Otto Apuy and La Iglesia de Cañas

Otto Apuy is one of the most recognized artists in Costa Rica.  He participates in what seems to be almost every medium of art (sculpture, painting, drawing, and as you will see below mosaics) and he has also published several books of literature and poetry.  We visited La Iglesia de Cañas several months ago as we were traveling north through the country to see Allison’s family and my brother in the Guanacaste region of Costa Rica.  Below the pics see a small excerpt from this link regarding Otto Apuy.

One of his most spectacular works is the Iglesia de Cañas, (Cañas Church).  Apuy designed and directed the envelopment of the entire church in colorful mosaic tile, which has put Cañas, on the map as a place to visit.  In a country of many beautiful and impressive churches, this one has to be at the top of almost every list.  Apuy has used both whole and broken tiles in glossy, vibrant colors to depict both religious and abstract themes. The church’s central tower, which is entirely covered in mosaic, is nearly 30m (100 ft.) tall.  Estimates indicate that more than a million pieces of ceramic were employed  in the work.

The Motsingers Came and Conquered Costa Rica

The Motsingers are good friends from our time in Corpus Christi, TX.  We have been repeatedly blessed by their faithful friendship to our family.  Not only are they good friends, but they live as an example to many by their compassion and service to others.  They have two sons from Ethiopia who are blessed to have these two capable Christian parents.  As I watched them serve their children, I could not help but think about how blessed those kids are to have the parents God has given them.  I am confident that Jon and Joy are the perfect parents for Seth and Oliver.  I am challenged by the idea of adoption, how it is a symbol of God’s love for us, and I am blessed by how the Motsinger family is living this reality.  I also am encouraged by their generosity to support us by visiting us in San Jose.  I know it was both a blessing and a sacrifice for them to come, and again it reminds me of how it so often works out like that in the kingdom of God.  Thanks for coming Jon, Joy, Seth, and Oliver!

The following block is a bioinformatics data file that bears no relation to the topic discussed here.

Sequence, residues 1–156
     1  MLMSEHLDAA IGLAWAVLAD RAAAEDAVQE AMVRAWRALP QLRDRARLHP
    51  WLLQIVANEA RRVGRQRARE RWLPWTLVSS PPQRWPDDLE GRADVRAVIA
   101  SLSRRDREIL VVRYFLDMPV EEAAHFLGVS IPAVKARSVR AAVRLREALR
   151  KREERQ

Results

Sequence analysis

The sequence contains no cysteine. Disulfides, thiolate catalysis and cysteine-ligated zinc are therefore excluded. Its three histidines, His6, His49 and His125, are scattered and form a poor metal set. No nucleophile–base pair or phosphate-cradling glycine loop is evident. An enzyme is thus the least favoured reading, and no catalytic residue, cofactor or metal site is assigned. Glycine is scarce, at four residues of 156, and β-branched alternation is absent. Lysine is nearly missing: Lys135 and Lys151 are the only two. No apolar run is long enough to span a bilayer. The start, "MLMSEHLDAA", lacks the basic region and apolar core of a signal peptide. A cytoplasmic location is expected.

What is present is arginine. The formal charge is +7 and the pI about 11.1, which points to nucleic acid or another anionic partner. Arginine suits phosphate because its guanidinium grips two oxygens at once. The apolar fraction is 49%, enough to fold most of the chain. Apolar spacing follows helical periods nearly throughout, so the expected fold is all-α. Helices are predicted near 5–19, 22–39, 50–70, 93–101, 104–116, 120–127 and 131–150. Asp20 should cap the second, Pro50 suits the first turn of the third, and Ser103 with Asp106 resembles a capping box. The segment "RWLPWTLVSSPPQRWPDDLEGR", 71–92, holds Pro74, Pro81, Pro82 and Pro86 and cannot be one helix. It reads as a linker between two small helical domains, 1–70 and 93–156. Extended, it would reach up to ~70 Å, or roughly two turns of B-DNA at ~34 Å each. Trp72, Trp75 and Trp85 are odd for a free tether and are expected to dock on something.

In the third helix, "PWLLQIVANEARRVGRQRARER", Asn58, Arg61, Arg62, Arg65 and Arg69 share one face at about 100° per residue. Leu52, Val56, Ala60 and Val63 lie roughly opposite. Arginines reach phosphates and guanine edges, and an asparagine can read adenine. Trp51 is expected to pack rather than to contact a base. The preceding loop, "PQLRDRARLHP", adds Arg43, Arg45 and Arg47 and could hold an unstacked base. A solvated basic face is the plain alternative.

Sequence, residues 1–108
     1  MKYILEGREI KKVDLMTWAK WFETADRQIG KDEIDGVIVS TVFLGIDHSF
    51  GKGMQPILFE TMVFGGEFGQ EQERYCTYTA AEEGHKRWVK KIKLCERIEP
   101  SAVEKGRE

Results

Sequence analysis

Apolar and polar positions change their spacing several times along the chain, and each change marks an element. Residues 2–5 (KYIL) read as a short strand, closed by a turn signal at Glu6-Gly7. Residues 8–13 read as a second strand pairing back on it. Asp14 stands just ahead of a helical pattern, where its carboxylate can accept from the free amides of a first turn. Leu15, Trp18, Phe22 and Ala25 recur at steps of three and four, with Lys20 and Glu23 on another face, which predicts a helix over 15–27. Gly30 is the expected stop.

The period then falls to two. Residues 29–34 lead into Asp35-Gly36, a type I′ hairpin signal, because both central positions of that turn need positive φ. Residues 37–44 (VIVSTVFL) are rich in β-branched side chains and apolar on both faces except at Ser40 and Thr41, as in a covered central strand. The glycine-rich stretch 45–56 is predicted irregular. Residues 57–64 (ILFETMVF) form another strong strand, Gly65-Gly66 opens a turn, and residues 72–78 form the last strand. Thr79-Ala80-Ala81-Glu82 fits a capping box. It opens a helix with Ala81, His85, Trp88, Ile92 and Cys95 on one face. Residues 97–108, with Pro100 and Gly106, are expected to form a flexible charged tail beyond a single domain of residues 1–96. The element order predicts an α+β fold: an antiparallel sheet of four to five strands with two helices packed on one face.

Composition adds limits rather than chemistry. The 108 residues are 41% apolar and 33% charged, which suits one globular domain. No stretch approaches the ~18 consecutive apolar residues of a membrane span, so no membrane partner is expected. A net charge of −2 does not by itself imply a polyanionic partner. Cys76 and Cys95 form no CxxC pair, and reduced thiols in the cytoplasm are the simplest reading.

Publicity for Diospi Suyana

Some news from Diospi Suyana.

Federico Romero (left) and Karen Espejo (right) eating dinner at the John's house.

Federico Romero (left) and Karen Espejo (right) eating dinner at the John’s house.

Journalists Ask Many Questions

Two reporters visiting from Lima

They arrived yesterday at 11am and will be leaving this morning. This means journalist Karen Espejo and photographer Federico Romero have 23 hours to produce their story about the Diospi Suyana hospital. About what will they talk, what about the missionary hospital do they consider relevant to the readers of their weekly magazine? Maybe their audience would be moved by the stories of our patients, who come to Curahuasi, often times from far away, in the hope to be healed. Or will they talk about the missionaries? Almost all of the hospital volunteers can contribute their very own chapter to the story about Diospi Suyana. Most likely, the journalists will mention the hospitals’ modern equipment – the “high tech hospital for the poor” aspect. We do hope that they will talk about the essential role that God’s will plays in the story of the hospital, especially since the Peruvian mass media called Diospi Suyana, “the hospital of faith”.

Let she who boasts, boast in the Lord (and His work in her husband)

Let’s suppose that you were going to sponsor someone to, say, learn a language.  What if that person turned out to be the number one go-getter of the language learning school?  What if he did every homework assignment and even more to make sure he understood a concept?  What if he took every class he could, even the most advanced translation class, and recently translated seven pages from his mother tongue to the target language?  What if he went to optional tutoring three times a week?  What if he increased his workload by also doing a language speaking route through the neighborhood, guided by and accountable to his tutor but without a grade, trudging through the rain to practice his memorized texts?  What if at night, he spoke to his spouse in the goal language and before bed he read a fiction book in the new language to improve his vocabulary?